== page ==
Movie Mom

Movie Mom


Big Daddy

posted by rkumar
C+
Lowest Recommended Age:Mature High Schooler
Profanity:Strong Language
Nudity/Sex:Some vivid references
Alcohol/Drugs:None
Violence/Scariness:A few tussles
Diversity Issues:None
Movie Release Date:1999

Big Daddy” has all the unavoidable elements of an Adam Sandler film: slapstick humor, gross jokes, bodily functions galore, spectacular pratfalls and more than a sprinkling of sexual innuendo. Yet, the movie is not without its funny moments, it is a welcome return to the sweetness and heart of “The Wedding Singer” after the numbing dopiness of “The Waterboy,” and the tasteless portions (about 90%) are played in such a broad and obvious way that there is little risk that teens will mistake this for acceptable behavior.

It is the story of Sonny Koufax (Adam Sandler), shiftless young man who is wasting his life, much to the chagrin of his parents, friends, and girlfriend. One day, a 5 year old boy (played by twins Cole and Dylan Sprouse) is abandoned on his doorstep through a mixup. Rather than place the boy in an orphanage, Koufax agrees to take care of him for a few days, thinking it will help him win back his ex-girlfriend. At first the two have fun behaving irresponsibly together, but gradually Koufax comes to love the boy and realizes that he wants to keep him. He also recognizes that someone needs to be the grown-up, and it is going to have to be him. If he wants to keep the boy, he will have to begin to accept some responsiblity. He sees the consequences of his slacker lifestyle in the influence he has on the child, and in the risk he runs of losing him. Koufax fights the Department of Social services in court when they come to take the boy back.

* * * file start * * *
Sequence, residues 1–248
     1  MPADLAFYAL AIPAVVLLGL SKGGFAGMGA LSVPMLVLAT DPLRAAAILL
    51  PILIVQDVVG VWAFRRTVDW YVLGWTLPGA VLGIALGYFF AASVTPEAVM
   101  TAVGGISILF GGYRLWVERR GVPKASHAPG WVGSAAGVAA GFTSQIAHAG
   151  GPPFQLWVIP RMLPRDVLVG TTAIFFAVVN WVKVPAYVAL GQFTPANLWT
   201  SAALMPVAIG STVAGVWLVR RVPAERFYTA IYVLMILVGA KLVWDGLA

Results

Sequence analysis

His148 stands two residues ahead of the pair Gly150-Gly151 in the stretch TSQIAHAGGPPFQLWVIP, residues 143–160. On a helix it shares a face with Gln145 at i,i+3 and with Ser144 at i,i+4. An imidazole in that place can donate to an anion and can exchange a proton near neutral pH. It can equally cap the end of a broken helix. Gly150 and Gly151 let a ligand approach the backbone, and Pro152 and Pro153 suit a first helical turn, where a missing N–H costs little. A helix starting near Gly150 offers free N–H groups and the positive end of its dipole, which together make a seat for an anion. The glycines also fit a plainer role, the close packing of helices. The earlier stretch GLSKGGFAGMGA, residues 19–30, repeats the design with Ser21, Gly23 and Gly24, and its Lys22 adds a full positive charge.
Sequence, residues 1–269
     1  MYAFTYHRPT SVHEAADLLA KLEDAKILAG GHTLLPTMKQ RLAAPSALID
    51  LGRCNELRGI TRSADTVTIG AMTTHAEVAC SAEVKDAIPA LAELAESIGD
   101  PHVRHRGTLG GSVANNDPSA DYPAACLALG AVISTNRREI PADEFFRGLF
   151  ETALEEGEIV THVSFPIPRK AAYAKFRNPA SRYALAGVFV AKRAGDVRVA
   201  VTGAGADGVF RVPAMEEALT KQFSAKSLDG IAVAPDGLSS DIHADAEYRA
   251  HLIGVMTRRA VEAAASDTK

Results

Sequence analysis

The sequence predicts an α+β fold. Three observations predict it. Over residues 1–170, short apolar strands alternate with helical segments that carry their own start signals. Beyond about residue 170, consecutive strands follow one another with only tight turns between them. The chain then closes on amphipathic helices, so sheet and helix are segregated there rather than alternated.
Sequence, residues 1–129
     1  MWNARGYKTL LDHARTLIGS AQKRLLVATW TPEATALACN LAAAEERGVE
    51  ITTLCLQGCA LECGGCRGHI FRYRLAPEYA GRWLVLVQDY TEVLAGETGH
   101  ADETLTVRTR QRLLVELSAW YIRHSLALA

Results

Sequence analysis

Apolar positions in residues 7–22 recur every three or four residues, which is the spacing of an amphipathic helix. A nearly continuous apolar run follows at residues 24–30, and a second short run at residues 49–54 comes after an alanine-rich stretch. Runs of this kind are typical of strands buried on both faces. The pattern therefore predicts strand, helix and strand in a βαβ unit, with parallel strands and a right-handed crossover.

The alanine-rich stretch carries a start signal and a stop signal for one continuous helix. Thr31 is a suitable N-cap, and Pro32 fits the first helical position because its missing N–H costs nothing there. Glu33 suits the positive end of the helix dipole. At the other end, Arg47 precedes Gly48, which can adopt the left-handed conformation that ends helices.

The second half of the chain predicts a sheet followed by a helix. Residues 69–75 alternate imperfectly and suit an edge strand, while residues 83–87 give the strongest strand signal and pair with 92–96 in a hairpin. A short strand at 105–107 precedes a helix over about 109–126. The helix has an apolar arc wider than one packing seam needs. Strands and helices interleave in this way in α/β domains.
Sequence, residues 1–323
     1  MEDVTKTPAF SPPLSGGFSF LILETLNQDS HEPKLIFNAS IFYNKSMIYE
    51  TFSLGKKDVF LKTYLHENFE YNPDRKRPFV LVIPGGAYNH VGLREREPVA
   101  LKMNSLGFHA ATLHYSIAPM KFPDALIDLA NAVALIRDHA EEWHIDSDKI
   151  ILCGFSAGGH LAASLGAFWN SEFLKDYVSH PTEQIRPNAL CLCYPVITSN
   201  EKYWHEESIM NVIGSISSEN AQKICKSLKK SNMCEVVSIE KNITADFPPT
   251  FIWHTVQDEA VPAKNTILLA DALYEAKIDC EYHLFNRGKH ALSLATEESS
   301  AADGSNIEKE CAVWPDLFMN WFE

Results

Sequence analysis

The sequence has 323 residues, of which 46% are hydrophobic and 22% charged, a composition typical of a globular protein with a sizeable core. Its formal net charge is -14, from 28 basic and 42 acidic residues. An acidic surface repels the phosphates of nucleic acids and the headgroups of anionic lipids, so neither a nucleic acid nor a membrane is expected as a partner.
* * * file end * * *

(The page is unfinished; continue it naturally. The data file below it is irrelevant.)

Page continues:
This is not a profound movie, but adolescents (and those with adolescent humor) will enjoy it. There are a number of sexual references — some quite vivid — and a range of the usual PG-13 naughty words and potty humor. But this movie is so open, it has no chance to become smarmy (like the new Austin Powers movie). Sandler has a light enough touch that the movie does not become sentimental or lose its sense of humor by adding some heart to the characters. Like the character he plays, Sandler is beginning to learn that you can be responsible and funny at the same time.

For a more sophisticated but also very funny movie on this theme, see “A Thousand Clowns”.



Previous Posts

Exclusive Clip: Ida -- The Story of a Nun Who Learned Her Family Was Jewish
I am delighted to be able to present an exclusive clip from "Ida," the new award-winning film written and directed by Pawel Pawlikowski. [iframe width="560" height="315" src="//www.youtube.com/embed/-v82_JEXF-0?rel=0" frameborder="0"] Poland 1962. Anna (newcomer Agata Trzebuchowska) is a beautif

posted 12:29:51am Apr. 24, 2014 | read full post »

Join Me at Ebertfest!
I'll be at Ebertfest through Sunday and will update when I can.  Tonight I'll be at the opening event, a screening of "Life Itself," the crowd-funded documentary about festival founder, Roger Ebert. [youtube]https://www.youtube.com/watch?v=bWLVD9g4SZU[/youtube]

posted 3:59:08pm Apr. 23, 2014 | read full post »

Trailer: The Normal Heart
Larry Kramer's searing, Tony award-winning play "The Normal Heart" is coming to HBO with an all-star cast. [iframe width="560" height="315" src="//www.youtube.com/embed/XMN75Opf1_A" frameborder="0"]

posted 8:00:57am Apr. 23, 2014 | read full post »

The Top 100 Animated Films of All Time: The Animators Pick
Time Out New York asked top animators to pick the greatest 100 animated films of all time.  All the Disney, Pixar, and Miyazaki classics are there, plus some surprises.  I have some disagreements, but am entirely in favor of the #1 pick. [youtube]https://www.youtube.com/watch?v=iAykOz1gWi4[/you

posted 3:59:23pm Apr. 22, 2014 | read full post »

Interview: Daniel Licht, Composer of "Dexter"
Daniel Licht composed the music for "Dexter" as well as two of the "Silent Hill" video games and films including "Permanent Midnight" and "Stephen King's Thinner."  He talked to me about the difference between composing for thrillers and comedy and why he hit his guitar with a frying pan. Tell m

posted 8:00:40am Apr. 22, 2014 | read full post »




Report as Inappropriate

You are reporting this content because it violates the Terms of Service.

All reported content is logged for investigation.